Each year, the WorldatWork Total Rewards Conference & Exhibition – one of the premier events on the HR calendar – brings together total rewards and compensation and benefits professionals from around the world.
This year, due to the pandemic, the Total Rewards Association transformed from a live conference into the WorldatWork 2020 Total Resilience Virtual Conference & Exhibition – a series of nine virtual events held each Wednesday starting in early July.
The Workhuman® team was there – virtually, of course – reporting on presentations by Josh Bersin, Kathleen O’Connor, and Workhuman’s own Rob Schmitter. Here, in chronological order, is a recap of our blogs with links to the full posts.
If there’s one thing most HR and total rewards professionals can agree on, it’s this: The way we reward employees is long overdue for an overhaul. According to Workhuman Principal Solutions Consultant Rob Schmitter, the annual review is a “broken” relic, and it’s time to replace it with a modern, more progressive approach: rewarding employees throughout the year. As Rob sees it, it makes far more sense to distribute smaller micro-bonuses on an ongoing basis, rather than give a one-time, lump-sum annual bonus. That way, the benefits of gratitude – increased trust, lower voluntary turnover, increased engagement, and better performance – continue all year long. And as Rob pointed out, embracing this approach doesn’t necessarily mean more budget. It’s simply a smarter way to maximize your current funds.
“This pandemic is as much a people crisis as it is a health crisis,” observed Behavioral Grooves Podcast host Kurt Nelson. He and co-host Tim Houlihan teamed up to provide HR leaders guidelines on how organizations should work with employees to navigate this crisis effectively. As they see it, there are several stressors that can impact employee performance. In more than 20 interviews with various scientists, authors, and business leaders, Tim and Kurt found that stress and isolation lead to reduced focus, limited cognitive ability, increased use of heuristics and habits, and emotional fatigue. According to Tim, if employees are feeling this stress, “they won’t produce, they won’t be effective in their jobs.” Companies must create a plan for how to deal with the emotional – as well as the health – side of the pandemic. The best way to do so? Create an Emotional Playbook. Kurt believes “leaders have a really important job because they set the tone by putting this playbook together,” so it’s critical to get right.
There’s science behind hope and resilience, according to London Business School Professor Kathleen O’Connor. As she sees it, hope is more than just a feeling; it’s action-oriented. “Those who report feeling more hopeful do two things: They shift their goals and they find new pathways of getting there.” A hopeful employee is a resilient employee – exactly what companies are looking for right now. According to Kathleen, resilient people tend to have three things in common: acceptance of reality, a deep belief that life is meaningful, and an ability to improvise. A resilient workforce resists the urge to dwell on the unknown and instead focuses on reality. By focusing only on things within your power, “you grab back that sense of control that’s so important for feeling hopeful and not helpless.” Resilience comes once you believe that life has meaning – that’s where promoting a strong culture of gratitude in the workplace can help. As we navigate the future of work, frequent validation and recognition can serve as an anchor.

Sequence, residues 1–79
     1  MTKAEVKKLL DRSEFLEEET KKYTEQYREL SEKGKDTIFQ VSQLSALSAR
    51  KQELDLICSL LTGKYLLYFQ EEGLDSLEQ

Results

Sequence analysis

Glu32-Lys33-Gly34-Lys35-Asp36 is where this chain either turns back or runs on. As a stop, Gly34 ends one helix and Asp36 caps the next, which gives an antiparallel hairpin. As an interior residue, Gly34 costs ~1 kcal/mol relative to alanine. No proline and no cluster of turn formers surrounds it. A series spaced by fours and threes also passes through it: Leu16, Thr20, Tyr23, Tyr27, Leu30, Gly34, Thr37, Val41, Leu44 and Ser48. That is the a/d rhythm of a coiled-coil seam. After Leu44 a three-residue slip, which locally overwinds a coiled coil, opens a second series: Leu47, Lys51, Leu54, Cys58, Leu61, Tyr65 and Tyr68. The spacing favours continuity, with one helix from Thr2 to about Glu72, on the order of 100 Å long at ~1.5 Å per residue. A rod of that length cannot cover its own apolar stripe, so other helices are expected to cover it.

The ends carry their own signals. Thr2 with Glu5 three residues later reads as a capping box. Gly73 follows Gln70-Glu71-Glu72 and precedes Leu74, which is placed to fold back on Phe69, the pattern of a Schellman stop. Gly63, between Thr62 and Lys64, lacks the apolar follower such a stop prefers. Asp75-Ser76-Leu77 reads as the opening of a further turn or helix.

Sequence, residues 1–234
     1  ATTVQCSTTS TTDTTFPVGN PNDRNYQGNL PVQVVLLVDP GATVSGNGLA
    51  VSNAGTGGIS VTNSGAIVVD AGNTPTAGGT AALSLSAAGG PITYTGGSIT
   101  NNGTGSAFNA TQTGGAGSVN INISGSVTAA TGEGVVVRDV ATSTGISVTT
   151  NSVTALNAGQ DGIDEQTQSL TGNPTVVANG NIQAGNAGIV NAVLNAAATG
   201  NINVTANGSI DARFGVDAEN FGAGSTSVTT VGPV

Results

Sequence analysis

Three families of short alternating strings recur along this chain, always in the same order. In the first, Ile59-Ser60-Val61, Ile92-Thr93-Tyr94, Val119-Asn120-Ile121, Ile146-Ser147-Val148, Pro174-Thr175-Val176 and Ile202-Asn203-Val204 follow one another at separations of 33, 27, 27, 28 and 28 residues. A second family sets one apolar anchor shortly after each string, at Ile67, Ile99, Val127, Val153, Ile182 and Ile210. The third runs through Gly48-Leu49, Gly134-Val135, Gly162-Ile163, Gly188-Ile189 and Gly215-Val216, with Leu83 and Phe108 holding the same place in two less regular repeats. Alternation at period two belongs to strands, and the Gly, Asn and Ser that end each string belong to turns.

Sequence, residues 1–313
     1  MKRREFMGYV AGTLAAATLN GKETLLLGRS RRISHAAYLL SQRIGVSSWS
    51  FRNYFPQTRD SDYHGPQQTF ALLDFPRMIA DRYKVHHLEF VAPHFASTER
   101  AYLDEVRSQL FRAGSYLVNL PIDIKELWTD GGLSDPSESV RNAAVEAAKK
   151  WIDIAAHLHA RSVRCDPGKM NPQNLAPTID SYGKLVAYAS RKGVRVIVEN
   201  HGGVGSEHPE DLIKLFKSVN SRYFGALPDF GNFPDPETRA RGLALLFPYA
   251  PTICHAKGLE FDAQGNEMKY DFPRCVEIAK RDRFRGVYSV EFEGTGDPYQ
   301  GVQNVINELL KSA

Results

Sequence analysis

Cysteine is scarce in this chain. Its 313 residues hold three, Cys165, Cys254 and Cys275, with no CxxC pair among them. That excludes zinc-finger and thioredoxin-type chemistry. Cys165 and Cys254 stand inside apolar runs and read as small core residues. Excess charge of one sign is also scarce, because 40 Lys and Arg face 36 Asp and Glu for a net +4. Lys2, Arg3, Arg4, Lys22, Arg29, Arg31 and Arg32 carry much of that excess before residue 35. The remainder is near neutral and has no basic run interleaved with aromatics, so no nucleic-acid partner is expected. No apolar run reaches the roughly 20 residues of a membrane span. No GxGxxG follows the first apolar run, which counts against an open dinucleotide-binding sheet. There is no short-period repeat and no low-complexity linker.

Equal pay for equal work may seem obvious to enlightened business leaders, but achieving parity is not as easy as it sounds. In this session, a multidisciplinary expert panel examined the need for and the pathway to pay parity. Pay equity comes down to compensating employees equally for performing similar duties regardless of race, gender, or disability. For organizations looking to uncover pay discrepancies, it’s important leaders understand their end goal and engage either a pay gap analysis or a pay equity analysis. The difference? According to Attorney Michelle Duncan, a pay gap analysis “is really just an overarching comparison.” A pay equity analysis, on the other hand, answers “whether there are unexplained pay differences among folks who are doing similar work, while accounting for job-related factors.” What if pay discrepancies are found? Is leadership clear on how they want to address it? When done thoroughly, a successful analysis can help organizations on the road to a more equitable workplace. Because in the end, pay parity moves us closer toward a more inclusive and human workplace.
“All of a sudden, everything changed,” observed global industry analyst Josh Bersin. “And the impact on HR has been life-changing for most of us.” That’s the background for what Josh calls “the big reset.” He notes that these unprecedented times will compel HR leaders to redefine how they approach work, economy, leadership, trust, and the very role of HR itself. In his view, HR leaders need to create a sense of positivity and well-being in the organization. They need to give workers a sense of “cadence” to help them thrive in the difficult times ahead. The pandemic has changed leadership roles, principles, and values; and in many companies, there is an increased focus on key personality traits and values: patience, kindness, empathy, listening, and joy. Those are all leadership characteristics that drive personal and organizational success in these times. As Josh puts it, “Trust is the new business currency.”
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